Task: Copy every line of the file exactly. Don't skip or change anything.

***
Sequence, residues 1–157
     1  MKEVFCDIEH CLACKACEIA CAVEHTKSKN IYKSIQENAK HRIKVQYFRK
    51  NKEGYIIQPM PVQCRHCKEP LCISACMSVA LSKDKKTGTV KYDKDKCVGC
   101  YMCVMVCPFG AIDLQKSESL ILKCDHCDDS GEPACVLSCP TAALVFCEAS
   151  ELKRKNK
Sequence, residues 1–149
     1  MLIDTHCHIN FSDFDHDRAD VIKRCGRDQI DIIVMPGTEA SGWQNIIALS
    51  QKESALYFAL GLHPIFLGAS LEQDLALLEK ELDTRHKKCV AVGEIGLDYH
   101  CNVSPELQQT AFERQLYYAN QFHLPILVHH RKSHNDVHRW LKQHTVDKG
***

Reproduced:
Sequence, residues 1–157
     1  MKEVFCDIEH CLACKACEIA CAVEHTKSKN IYKSIQENAK HRIKVQYFRK
    51  NKEGYIIQPM PVQCRHCKEP LCISACMSVA LSKDKKTGTV KYDKDKCVGC
   101  YMCVMVCPFG AIDLQKSESL ILKCDHCDDS GEPACVLSCP TAALVFCEAS
   151  ELKRKNK
Sequence, residues 1–149
     1  MLIDTHCHIN FSDFDHDRAD VIKRCGRDQI DIIVMPGTEA SGWQNIIALS
    51  QKESALYFAL GLHPIFLGAS LEQDLALLEK ELDTRHKKCV AVGEIGLDYH
   101  CNVSPELQQT AFERQLYYAN QFHLPILVHH RKSHNDVHRW LKQHTVDKG